California: A new research has shown that depression screening for patients with newly diagnosed breast cancer is highly effective at identifying patients in need of behavioural health care.
The study has been published in the ‘JAMA Journal’.
“Early identification and treatment for mental health issues is critical, yet depression and other mental health issues are often under-identified and undertreated in breast cancer patients,” said the study’s lead author, Erin E. Hahn, PhD, a research scientist with Kaiser Permanente Southern California Department of Research & Evaluation.
“Our study showed that the use of implementation strategies to facilitate depression screening is highly effective and provided insights into how to create a sustainable program to help our cancer patients achieve the best possible health,” Hahn added.
It has been difficult historically to incorporate mental distress screening during cancer care when patients tend to be vulnerable to mental health challenges. Researchers from Kaiser Permanente in Southern California set out to determine if a process of incorporating depression screening into routine clinical care with support from researchers might make a difference.
They separated medical oncology teams at different locations into 2 groups. In the first group, physicians and nurses received education about depression screening, regular feedback on their performance, and support in determining the best ways to add depression screening into their current workflow.
In the second group — the control group — physicians and nurses received only education. Screening was conducted using the Patient Health Questionnaire 9-item version, known as the PHQ-9.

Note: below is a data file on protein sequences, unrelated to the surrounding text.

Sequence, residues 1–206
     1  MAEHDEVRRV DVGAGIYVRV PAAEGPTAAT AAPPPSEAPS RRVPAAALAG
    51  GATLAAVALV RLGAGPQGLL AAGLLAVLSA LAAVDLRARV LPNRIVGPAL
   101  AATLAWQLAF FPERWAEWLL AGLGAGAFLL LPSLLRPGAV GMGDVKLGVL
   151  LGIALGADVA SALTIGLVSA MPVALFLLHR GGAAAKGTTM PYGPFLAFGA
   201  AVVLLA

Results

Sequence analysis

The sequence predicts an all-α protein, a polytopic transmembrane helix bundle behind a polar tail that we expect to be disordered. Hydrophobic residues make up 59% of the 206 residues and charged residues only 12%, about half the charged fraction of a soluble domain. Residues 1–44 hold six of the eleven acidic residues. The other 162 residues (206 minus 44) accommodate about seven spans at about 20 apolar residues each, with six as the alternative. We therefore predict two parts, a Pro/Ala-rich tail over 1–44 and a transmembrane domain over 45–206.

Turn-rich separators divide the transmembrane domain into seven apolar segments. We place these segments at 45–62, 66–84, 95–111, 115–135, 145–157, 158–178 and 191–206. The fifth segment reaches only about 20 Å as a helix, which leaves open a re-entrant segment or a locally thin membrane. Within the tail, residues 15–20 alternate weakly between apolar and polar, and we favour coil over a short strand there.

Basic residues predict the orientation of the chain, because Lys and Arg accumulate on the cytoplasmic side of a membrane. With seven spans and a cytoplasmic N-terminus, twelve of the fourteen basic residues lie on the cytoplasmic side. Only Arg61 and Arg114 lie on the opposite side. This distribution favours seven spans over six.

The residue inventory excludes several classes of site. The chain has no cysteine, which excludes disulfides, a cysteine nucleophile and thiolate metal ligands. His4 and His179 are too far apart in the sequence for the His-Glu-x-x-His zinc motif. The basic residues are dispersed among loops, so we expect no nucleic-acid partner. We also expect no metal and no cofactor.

All patients diagnosed with new breast cancers who had a consultation with medical oncology between October 1, 2017, and September 30, 2018, were included in the study. Researchers enrolled 1,436 members: 692 in the control group and 744 in the intervention group. The groups were similar in demographic and cancer characteristics.
- 80 per cent of patients in the intervention group completed depression screening versus less than 1 per cent in the control group.
- Of intervention group screenings, 10 per cent scored in the range indicating need for referral to mental health services. Of those, 94 per cent received referrals.
- Of those referred, 75 per cent completed a visit with a mental health provider.
- Additionally, patients in the intervention group had significantly fewer clinic visits to the oncology departments, and no difference in outpatient visits for primary care, urgent care, and emergency department services.
“The trial of this program was so successful that, with funding from our Care Improvement Research Team, we have rolled out depression screening initiatives across all our Kaiser Permanente medical oncology departments in Southern California,” said Hahn.
“We are incorporating the lessons learned from the trial, particularly the importance of ongoing audit and feedback of performance, and are encouraging our clinical teams to adapt the workflow to meet their needs,” Hahn added.